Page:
Drug Testing In Schools. The Topic Of Random Drug Testing

1490 WordsMar 9, 20176 Pages
Drug Testing in Schools The topic of random drug testing has been a very controversial one, especially in the last few years. RSDT (random student drug testing) made a rise in popularity after being legalized by the United States Supreme Court in 2006. This ruling made testing students who participate in extracurriculars or drive to school able to be tested for illegal drug abuse. This court decision is like many others in the aspect that some strongly agree and others heavily disagree. One side of opinions agrees with the court 's ruling and believes that RSDT programs help prevent drug abuse among the student population. Other people think that the programs infringe on the rights of students and offer no usefulness in the fight against…show more content…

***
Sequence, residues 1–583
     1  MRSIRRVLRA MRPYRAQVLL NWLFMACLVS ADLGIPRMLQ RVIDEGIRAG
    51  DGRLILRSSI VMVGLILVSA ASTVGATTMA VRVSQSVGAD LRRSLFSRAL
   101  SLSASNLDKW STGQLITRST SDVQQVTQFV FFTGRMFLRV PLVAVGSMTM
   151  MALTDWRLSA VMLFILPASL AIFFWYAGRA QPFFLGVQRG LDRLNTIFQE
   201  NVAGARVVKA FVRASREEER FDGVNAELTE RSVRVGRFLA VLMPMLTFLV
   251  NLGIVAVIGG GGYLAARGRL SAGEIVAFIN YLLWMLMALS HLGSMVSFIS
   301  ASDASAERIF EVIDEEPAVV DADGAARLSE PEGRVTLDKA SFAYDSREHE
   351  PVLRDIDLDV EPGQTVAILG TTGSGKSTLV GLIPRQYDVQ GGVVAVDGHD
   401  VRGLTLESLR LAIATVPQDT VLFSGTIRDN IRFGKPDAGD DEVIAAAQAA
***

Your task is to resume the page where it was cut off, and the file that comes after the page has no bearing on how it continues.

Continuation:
It is important to note that if a student is caught with drugs in their system, rehabilitation and restriction of extracurriculars are the repercussions. These people also argue that the tests are not too expensive. Thirty dollars or less was the pre-program cost; this data held true for 91 percent of surveyors. In contrast to the people who believe that drug testing is helpful and necessary in schools, others have a sharp difference in opinions. These people think that “random drug testing is not associated with a change in the numbers of students who use drugs in any category” (“Random Drug Testing Cannot Prevent Student Drug Abuse”). Disbelievers in the programs believe that they violate student rights and feed more money into the drug testing industry. It is also said that since the testing can only target students who participate in extracurriculars, students can easily get around the tests by simply not participating in those activities. Evidence of these accusations come from a study out of The University of Michigan called Monitoring the Future. This study showed little to no difference in drug abuse among students when comparing schools that participate in the RSDT and have similar demographic backgrounds. Non supporters also think the programs are ineffective. These ideas are backed up by The Office of Management and Budget, where they deemed the programs ineffective in reducing youth drug use, violence, and crime. They also believe that

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